I had a patient last night who had been in the hospital for nearly three weeks. Poor prognosis. Family at the bedside since the beginning. I had taken care of him once before, a couple of weeks ago, but this time, report came with the warning that family was beginning to get impatient and rude to the staff. I appreciate those personal notes from report. It means I have the opportunity to change the direction that the relationship they have with the staff around. I may not always succeed at it, but at least I know to include as much TLC and patience as I can in my care for him.
The night started off chaotic, with one discharge, and one transfer and one admission all coming in within an hour or so of each other, and of course that’s when the PICC line on my other patient fails, and so I need to also place an IV before I can administer the scheduled antibiotics. Thankfully, my charge is the bomb. Seriously. This woman is like the calm in the storm, and while I was getting people in and people out, she placed the IV for me and started the antibiotics. (Because frankly, my IV skills are still very new, and I would have been wasting precious time trying something I had little chance of landing anyway.)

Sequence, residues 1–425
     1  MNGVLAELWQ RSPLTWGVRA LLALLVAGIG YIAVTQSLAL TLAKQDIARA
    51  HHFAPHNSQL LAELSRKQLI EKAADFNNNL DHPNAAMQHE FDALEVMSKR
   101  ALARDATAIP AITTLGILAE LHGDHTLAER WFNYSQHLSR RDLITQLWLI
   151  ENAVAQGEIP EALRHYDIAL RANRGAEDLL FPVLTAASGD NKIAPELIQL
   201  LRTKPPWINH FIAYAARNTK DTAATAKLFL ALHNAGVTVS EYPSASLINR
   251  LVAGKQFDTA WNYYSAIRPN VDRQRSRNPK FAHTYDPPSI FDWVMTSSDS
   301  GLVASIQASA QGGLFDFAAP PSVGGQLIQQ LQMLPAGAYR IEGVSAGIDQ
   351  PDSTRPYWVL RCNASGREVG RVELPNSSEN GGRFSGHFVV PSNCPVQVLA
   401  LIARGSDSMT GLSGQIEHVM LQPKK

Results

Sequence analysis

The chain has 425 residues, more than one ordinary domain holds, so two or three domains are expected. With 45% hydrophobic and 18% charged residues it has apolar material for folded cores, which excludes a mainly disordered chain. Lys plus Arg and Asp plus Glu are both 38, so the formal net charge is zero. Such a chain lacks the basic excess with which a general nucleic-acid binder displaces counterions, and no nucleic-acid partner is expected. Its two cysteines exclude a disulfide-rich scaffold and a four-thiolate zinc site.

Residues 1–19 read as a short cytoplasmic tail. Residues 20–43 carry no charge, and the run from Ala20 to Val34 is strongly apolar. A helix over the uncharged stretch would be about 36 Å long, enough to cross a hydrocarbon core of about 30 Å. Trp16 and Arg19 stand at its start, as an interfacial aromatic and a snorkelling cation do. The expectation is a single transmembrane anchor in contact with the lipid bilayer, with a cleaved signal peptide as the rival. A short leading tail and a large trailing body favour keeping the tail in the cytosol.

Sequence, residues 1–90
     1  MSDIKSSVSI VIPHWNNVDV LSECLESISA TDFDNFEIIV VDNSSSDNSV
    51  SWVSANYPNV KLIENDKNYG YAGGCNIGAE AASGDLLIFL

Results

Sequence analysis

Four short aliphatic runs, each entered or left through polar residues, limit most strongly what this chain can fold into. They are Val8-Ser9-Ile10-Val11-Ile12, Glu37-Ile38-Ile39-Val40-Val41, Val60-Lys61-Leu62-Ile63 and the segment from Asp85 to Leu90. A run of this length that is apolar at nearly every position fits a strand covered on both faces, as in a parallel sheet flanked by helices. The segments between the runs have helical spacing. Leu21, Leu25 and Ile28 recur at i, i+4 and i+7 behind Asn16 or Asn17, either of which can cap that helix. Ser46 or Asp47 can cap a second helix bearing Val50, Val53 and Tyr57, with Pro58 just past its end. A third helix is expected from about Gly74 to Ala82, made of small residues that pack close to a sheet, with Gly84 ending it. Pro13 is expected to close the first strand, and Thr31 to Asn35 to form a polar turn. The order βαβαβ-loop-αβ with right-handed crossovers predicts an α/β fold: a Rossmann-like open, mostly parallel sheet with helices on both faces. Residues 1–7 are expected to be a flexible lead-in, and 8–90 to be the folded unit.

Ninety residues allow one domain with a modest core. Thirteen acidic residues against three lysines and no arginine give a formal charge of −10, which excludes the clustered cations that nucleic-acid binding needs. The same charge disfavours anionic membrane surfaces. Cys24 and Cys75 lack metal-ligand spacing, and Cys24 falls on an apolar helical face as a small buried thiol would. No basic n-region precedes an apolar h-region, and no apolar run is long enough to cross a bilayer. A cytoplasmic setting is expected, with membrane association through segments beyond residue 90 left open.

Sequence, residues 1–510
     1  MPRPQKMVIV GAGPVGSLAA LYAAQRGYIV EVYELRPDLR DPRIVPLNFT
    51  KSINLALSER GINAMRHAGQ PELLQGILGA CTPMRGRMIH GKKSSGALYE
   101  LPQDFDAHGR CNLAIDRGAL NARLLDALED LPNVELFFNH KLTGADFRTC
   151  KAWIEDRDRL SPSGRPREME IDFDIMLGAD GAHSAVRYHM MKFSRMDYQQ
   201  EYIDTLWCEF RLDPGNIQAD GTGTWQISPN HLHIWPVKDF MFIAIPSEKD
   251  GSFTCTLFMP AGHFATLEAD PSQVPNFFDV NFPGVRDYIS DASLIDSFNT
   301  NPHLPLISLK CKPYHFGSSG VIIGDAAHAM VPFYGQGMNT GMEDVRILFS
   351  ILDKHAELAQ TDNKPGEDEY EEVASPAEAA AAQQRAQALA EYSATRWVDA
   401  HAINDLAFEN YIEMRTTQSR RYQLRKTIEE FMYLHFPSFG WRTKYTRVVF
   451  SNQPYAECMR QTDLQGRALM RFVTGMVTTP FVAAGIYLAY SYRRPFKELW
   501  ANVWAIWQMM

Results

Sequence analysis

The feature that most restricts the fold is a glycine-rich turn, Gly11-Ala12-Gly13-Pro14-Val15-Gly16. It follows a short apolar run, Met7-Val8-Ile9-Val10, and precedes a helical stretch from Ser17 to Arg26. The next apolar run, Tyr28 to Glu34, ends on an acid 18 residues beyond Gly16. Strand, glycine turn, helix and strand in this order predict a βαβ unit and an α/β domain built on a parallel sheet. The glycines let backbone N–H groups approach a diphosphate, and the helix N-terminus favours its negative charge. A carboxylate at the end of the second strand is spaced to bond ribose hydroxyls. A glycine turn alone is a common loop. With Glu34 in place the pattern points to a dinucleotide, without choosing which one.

So amidst the chaos was this family, and I took every opportunity (between the 3 or 4 code browns that happened in his room that night) to make my interactions meaningful. I reassured him in his confusion. I validated his frustration. I scratched his scalp. I sat opposite his wife, each of us with his hand in ours. I treated him as I would my own family member. I think sometimes that can make a huge difference for struggling families. I think it made a huge difference with this particular family last night.
His wife had been refusing palliative consults. And within a few hours of my shift ending, after I felt like I connected a little, I brought the subject up.
I explained how palliative is not the same as hospice, and how it’s a specialty unto itself, just like cardiology or neurology, and work together and alongside those teams to give the best possible care to their patients. I also went on about our palliative care team, as I had interned with them, and that they are some of the most compassionate and caring medical professionals I know. (And they are all that and more.)
She didn’t say much. But she didn’t cut the conversation short, either. Just nodded and listened. I may not know if they choose to take advantage of our palliative care team, but I feel good that I at least got the vibe from her that she *was* listening. And considering.
And she thanked me. She didn’t have to. She didn’t need to. But I hope that I made a difference for him and his wife last night.